Secret Sharing Explained

The primitive behind secure multi-party computation

Secure multi-party computation (MPC) is a cryptographic technique that lets multiple parties jointly and securely compute a function while keeping their inputs private. At Dropout Labs, we’re using this technique among others to build secure, privacy-preserving machine learning.

The primitive that powers MPC is the ability to split a piece of data into multiple encoded parts known as secret shares. On their own, the shares reveal nothing about the original data. However, if two parties perform the same operation on a set of shares and then recombine them, it is as if that operation was performed on the original data.

How does it work?

The quick and easy explanation is that it involves splitting data into two pieces (or shares), both parties do work with those shares, and then recombine those shares to get a result. Sounds simple? In practice, things get a little more complicated and often parties will need to communicate a few times during a computation, sometimes with a third party.

This post will focus on two common mathematical primitives needed in deep learning: addition and multiplication. More complex operations (e.g. division and comparison) are possible but more complicated. For example, trying to compare which number is bigger requires each party to communicate several times. While addition and multiplication seem trivial, you can use them to construct convolutional, pooling, and dense layers. We can even create various activation layers using approximations. This is enough to perform many computer vision tasks. There is even research being done into using 1-dimensional convolutions for Natural Language Processing (NLP) tasks, which could open up another branch of AI to privacy-preserving computation.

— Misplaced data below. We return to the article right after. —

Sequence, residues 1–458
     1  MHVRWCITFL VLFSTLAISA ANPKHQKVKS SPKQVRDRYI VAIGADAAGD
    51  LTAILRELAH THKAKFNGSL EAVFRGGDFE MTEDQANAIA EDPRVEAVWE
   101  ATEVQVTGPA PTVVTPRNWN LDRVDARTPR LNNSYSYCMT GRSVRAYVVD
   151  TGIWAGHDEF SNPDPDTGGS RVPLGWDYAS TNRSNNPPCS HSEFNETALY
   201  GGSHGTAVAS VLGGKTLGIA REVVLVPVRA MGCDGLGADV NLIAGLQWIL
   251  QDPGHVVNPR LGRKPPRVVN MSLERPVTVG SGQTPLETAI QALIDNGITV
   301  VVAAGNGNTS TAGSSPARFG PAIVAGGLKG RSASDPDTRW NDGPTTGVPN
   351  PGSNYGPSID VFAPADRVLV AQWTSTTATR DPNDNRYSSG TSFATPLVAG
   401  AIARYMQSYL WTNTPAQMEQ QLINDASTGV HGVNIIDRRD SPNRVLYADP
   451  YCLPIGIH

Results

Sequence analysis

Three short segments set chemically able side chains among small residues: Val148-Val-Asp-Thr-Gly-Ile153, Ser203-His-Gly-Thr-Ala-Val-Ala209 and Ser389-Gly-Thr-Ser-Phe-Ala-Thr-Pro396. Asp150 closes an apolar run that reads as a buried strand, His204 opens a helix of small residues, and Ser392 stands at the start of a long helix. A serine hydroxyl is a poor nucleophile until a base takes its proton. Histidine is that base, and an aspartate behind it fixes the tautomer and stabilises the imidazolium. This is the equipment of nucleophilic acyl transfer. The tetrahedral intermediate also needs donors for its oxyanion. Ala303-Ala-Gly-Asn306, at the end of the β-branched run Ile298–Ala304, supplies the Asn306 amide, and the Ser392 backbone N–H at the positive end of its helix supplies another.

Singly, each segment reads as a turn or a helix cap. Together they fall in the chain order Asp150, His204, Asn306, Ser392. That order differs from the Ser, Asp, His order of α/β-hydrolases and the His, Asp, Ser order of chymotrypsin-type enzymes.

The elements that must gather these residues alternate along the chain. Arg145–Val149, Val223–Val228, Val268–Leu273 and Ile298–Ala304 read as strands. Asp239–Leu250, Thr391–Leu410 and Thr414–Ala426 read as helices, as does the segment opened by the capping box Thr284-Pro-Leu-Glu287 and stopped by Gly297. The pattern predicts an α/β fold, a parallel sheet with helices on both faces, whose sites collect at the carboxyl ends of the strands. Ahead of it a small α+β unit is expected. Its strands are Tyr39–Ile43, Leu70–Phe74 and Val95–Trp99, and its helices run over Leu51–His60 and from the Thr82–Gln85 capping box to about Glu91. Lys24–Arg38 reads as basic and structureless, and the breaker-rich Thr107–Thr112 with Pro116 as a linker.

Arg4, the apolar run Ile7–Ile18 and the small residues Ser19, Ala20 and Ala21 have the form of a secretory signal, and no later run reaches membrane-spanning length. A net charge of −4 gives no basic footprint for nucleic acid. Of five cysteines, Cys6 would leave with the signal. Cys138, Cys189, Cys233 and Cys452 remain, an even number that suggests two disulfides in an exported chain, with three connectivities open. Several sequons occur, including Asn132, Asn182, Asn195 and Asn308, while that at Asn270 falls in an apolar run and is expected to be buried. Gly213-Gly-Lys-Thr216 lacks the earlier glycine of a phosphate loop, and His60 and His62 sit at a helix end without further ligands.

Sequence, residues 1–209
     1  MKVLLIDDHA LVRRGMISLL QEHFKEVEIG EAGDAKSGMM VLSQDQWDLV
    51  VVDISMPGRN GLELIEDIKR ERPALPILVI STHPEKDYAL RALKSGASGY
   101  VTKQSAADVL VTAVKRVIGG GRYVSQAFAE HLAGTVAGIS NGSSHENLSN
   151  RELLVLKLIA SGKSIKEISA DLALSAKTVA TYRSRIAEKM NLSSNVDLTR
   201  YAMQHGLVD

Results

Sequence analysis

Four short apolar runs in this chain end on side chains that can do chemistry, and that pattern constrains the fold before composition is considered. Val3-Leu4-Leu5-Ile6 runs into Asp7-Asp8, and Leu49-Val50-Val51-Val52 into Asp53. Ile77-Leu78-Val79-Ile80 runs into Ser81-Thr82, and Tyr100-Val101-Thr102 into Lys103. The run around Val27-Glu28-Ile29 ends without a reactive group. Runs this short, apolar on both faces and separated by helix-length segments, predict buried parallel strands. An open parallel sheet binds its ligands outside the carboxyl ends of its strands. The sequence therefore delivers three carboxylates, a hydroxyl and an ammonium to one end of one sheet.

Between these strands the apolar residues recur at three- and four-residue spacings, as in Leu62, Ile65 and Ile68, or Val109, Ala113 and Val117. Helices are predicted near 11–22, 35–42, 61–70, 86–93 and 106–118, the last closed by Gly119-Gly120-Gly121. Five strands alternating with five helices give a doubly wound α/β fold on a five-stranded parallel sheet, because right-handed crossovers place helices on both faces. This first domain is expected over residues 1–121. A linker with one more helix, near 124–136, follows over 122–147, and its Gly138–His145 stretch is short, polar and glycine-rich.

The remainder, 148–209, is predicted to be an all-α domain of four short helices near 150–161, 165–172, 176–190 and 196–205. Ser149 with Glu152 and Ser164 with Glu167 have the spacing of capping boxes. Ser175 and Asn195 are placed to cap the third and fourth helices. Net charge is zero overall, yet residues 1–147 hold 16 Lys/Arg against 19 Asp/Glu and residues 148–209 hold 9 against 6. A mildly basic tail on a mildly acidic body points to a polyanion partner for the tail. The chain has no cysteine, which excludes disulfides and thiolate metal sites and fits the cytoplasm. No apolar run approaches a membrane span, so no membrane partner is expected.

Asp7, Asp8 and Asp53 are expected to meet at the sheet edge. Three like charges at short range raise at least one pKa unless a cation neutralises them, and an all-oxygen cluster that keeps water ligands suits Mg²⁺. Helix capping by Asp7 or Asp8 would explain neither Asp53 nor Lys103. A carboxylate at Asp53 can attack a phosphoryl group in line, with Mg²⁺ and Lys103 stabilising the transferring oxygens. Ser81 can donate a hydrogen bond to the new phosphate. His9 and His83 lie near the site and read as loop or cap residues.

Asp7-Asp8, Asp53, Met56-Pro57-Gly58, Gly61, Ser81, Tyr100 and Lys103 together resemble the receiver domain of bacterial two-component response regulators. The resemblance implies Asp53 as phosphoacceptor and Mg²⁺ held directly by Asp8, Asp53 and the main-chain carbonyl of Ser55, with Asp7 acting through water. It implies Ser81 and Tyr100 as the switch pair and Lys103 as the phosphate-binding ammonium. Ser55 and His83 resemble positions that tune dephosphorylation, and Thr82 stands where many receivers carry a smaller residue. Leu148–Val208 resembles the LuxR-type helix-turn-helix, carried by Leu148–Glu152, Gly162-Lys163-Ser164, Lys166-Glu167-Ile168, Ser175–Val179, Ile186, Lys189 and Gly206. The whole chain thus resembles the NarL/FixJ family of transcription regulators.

Let’s first look at this on a small scale, first a little notation and context:

  • We will have two parties (P0, P1) and one helper (P2).
  • Secret shares will be shown with some variable name and then a number signifying which half they are. e.g. a_0 and a_1 are shares of some variable a, or b_0 and b_1 are shares of b.

Creating Shares

Before we can do anything with our shares, we need to know how to make them. It turns out that this is quite easy! To generate secret shares, you simply split the number you want to turn into two values. For example, a 5 could be split into a 3 and a 2, or an 8 and -3. This is done by generating a cryptographically secure random number, and then subtracting what you are trying to share.

A function to create secret shares in Python

Using the Shares

Each party will exchange half of their shares with the other. They will then operate on their shares and exchange their result, then recombine their shares into a final answer.

In a very simple example, let’s say that P0 has the number 5 and P1 has the number 8. P0 can create shares a_0 = 3, a_1 = 2. P_1 will make shares b_0 = 9 and b_1 = -1. Next, each party needs to swap half of their shares. P0 will send a_1 to P1, and P1 sends b_0 to P0.

Each party now has the following:

As you can see, P0 has no way of figuring out the value of b as they don’t have access to b_1. b_0 is the number 9, but the other half could be any number.

Addition

An addition is the simplest operation we can perform with secret shares. Each party adds their shares and then exchange results. Using the above example, P0 would sum their shares and get 12, while P1 would get 1. Recall that the original numbers were 5 and 8. 12 + 1 = 13, 5 + 8 = 13.

More formally, addition can be described as follows:

a + b = (a_0 + a_1) + (b_0 + b_1)

We can rearrange this formula like so

a + b = (a_0 + b_0) + (a_1 + b_1)

P0 will solve a_0 + b_0 and P1 will solve a_1 + b_1. This ensures that P0 only gets a share of b, and P1 only gets one share of a.

Multiplication